I’m beginning a piece on the Aardman animation The Pirates! In an Adventure with Scientists! or Pirates! Band of Misfits, as it is known in the US. The Pirates!, though primarily a hand-crafted stop-motion animation, uses a lot of CGI, with some 80% of shots involving a digital touch too. Where the figures are stop-motion puppets crafted from clay (or silicon or even foam), and the sets are physically built in the Aardman studio in Bristol, a lot of details were removed using digital tools (rigs used for the complex acrobatics of action scenes, joins between the 3D printed and hand-sculpted elements of the figures’ faces, as well as glitches from dead pixels in the cameras). The partying pirate crowd and rows of seated scientists were populated with digital extras, Blood Island was digitally enhanced and the roofs of London sometimes digitally finished. From this list it’s clear that in The Pirates! physical and digital elements are consistently intertwined and nothing is ever quite as it seems on the surface.
So far so good, but where to go with this? Well, the idea of entanglement is something I’ve been wanting to explore more for a while. My starting point is Tim Ingold who has a fascinating way of describing how objects are different to things. Where objects are already described, solidified into categories, things are more fluid, knots of constituent threads trailing beyond the surface boundaries of a thing and becoming caught up with other threads. Things are entangled, ‘a meshwork of interwoven lines of growth and movement,’ changeable configurations of knots and threads.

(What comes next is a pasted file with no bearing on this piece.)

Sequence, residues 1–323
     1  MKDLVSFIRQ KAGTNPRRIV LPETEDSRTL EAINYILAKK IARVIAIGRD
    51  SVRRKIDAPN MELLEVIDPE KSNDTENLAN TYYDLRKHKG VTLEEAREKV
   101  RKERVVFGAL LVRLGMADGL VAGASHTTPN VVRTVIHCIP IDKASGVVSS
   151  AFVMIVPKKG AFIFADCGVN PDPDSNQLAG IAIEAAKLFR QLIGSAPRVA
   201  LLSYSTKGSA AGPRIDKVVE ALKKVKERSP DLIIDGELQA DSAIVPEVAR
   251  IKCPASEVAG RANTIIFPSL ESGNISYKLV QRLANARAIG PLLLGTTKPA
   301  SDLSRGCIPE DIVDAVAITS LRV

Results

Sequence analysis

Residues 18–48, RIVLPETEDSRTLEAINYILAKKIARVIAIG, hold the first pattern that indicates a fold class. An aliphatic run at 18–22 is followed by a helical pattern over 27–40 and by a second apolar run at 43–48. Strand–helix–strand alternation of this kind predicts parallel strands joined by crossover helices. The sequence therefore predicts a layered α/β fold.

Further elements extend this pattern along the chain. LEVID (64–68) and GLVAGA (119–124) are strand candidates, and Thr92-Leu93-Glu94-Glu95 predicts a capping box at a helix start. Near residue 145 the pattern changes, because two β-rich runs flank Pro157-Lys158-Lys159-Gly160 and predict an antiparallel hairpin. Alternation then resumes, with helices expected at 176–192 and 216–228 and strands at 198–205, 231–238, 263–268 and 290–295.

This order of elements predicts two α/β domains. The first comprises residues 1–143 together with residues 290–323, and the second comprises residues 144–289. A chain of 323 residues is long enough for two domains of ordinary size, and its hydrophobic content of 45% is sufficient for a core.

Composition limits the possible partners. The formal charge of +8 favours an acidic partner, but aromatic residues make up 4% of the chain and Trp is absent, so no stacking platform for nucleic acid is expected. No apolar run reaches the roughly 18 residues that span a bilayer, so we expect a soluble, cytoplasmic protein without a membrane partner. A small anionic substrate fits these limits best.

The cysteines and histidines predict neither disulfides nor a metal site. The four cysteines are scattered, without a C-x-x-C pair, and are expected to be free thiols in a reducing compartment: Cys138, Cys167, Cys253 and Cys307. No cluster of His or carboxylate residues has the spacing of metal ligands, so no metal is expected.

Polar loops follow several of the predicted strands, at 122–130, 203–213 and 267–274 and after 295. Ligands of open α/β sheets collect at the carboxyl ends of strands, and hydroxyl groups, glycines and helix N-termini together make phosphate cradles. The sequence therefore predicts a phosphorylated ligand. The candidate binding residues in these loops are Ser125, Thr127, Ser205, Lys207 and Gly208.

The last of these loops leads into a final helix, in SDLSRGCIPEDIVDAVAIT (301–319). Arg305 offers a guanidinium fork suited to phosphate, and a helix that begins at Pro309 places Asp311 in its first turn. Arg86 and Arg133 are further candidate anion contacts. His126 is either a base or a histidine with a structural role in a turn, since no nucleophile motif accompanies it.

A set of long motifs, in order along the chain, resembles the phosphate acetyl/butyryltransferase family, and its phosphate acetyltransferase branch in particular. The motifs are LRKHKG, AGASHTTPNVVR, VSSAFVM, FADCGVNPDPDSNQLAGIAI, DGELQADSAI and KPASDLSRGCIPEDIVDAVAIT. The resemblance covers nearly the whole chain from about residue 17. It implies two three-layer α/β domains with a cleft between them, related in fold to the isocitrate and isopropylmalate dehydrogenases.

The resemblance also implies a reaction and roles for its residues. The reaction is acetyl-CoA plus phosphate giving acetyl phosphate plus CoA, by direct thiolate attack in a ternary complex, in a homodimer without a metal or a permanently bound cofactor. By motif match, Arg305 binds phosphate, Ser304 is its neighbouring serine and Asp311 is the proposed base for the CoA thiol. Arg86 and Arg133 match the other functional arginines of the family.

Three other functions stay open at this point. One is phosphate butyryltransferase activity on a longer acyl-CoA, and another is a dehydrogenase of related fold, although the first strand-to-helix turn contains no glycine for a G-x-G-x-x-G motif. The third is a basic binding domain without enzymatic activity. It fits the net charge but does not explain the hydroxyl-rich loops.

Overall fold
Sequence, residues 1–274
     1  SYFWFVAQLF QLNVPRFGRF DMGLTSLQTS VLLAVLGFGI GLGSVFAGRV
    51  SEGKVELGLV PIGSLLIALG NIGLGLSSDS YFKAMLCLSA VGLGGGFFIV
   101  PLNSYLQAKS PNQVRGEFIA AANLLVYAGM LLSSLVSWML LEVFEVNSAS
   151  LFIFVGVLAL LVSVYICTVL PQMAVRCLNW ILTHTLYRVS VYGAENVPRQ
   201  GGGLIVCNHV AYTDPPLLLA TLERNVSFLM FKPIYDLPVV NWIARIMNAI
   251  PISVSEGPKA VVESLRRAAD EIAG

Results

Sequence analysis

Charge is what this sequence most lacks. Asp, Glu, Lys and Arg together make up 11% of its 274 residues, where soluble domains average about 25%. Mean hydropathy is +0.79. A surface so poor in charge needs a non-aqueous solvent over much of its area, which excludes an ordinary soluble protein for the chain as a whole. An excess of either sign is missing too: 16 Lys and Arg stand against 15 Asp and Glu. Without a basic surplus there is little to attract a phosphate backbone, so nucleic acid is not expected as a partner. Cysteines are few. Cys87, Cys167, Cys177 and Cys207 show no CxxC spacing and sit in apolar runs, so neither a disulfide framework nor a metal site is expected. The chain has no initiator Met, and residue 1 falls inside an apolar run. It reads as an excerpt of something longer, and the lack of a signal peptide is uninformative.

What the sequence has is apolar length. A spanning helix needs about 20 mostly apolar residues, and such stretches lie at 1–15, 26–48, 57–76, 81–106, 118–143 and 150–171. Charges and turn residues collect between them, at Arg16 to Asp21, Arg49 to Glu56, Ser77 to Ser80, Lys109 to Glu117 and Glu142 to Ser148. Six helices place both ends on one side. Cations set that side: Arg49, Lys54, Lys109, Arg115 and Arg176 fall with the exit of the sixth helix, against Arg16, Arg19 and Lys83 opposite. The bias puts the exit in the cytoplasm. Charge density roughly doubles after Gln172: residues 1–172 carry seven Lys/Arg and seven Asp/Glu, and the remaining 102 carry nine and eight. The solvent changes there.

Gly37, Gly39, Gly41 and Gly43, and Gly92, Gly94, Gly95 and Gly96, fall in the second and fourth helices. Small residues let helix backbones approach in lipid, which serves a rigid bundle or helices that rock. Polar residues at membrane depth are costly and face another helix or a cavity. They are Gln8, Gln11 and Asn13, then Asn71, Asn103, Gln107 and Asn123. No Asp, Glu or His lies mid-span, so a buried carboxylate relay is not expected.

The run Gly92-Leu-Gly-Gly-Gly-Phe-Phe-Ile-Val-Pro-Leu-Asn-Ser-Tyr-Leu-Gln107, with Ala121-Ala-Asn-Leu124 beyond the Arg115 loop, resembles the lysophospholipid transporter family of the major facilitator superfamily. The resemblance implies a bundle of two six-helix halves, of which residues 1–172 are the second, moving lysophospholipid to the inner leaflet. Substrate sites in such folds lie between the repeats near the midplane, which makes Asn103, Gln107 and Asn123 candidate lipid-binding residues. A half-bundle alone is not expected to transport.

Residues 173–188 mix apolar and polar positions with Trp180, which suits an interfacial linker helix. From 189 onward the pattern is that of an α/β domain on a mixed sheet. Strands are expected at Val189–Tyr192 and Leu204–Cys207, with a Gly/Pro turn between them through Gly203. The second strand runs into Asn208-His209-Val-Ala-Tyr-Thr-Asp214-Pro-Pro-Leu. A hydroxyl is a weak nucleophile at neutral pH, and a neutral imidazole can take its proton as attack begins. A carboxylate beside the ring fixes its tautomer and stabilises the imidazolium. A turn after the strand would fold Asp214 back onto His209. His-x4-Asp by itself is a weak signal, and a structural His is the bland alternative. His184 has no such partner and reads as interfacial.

Ingold is talking about things generally, and grounds his more abstract thinking with examples of things in the world, such as kites or trees. Kites are one thing when constructed inside a room, and become another when taken outside to fly or not, as the case may be. As I read about ‘kites-in-the-air,’ I think I grasp the point about things but find it hard not to let it slip again when musing about the possibilities the idea offers for moving image studies. Even so, Ingold’s description of things being entangled, of things having interwoven lines of growth and movement remains attractive when looking at how physical and digital elements are entwined in The Pirates!
These very preliminary thoughts throw up an issue when using entanglement to think about entities in moving images already made. In one sense they are in keeping with a description of objects as completed works, already given categories, and often thought backwards – traced back to the intentions of their makers. Take the Surprisingly Curvaceous Pirate, a cross dressed woman who seems to have either escaped everyone’s notice or whose obvious pretence simply goes unmentioned. Thought backwards, Surprisingly Curvaceous Pirate’s origins lie in the five novel series on whose stories The Pirates! is based, but taken to a different level in the animation with the curves of her body and patently fake beard all part of the joke. In contrast to thinking backwards, Ingold encourages a process of thinking forwards, of trying to anticipate what might emerge in what he calls a gathering together of the threads of life, and be attentive to all the goings on that come together as a thing is made.
How might this work for the Surprisingly Curvaceous Pirate, or anything else in The Pirates!? One of things that intrigues me about the animation is its playfulness around disguise. But instead of trying to settle on what something is or isn’t, I’m going to look beneath the surface, to the knotted strings that pull together. The Surprisingly Curvaceous Pirate’s face is never revealed, but all the knots are there. In the same way, even though the boundaries of digital and physical elements of the image might appear settled, there are many knots to unpick.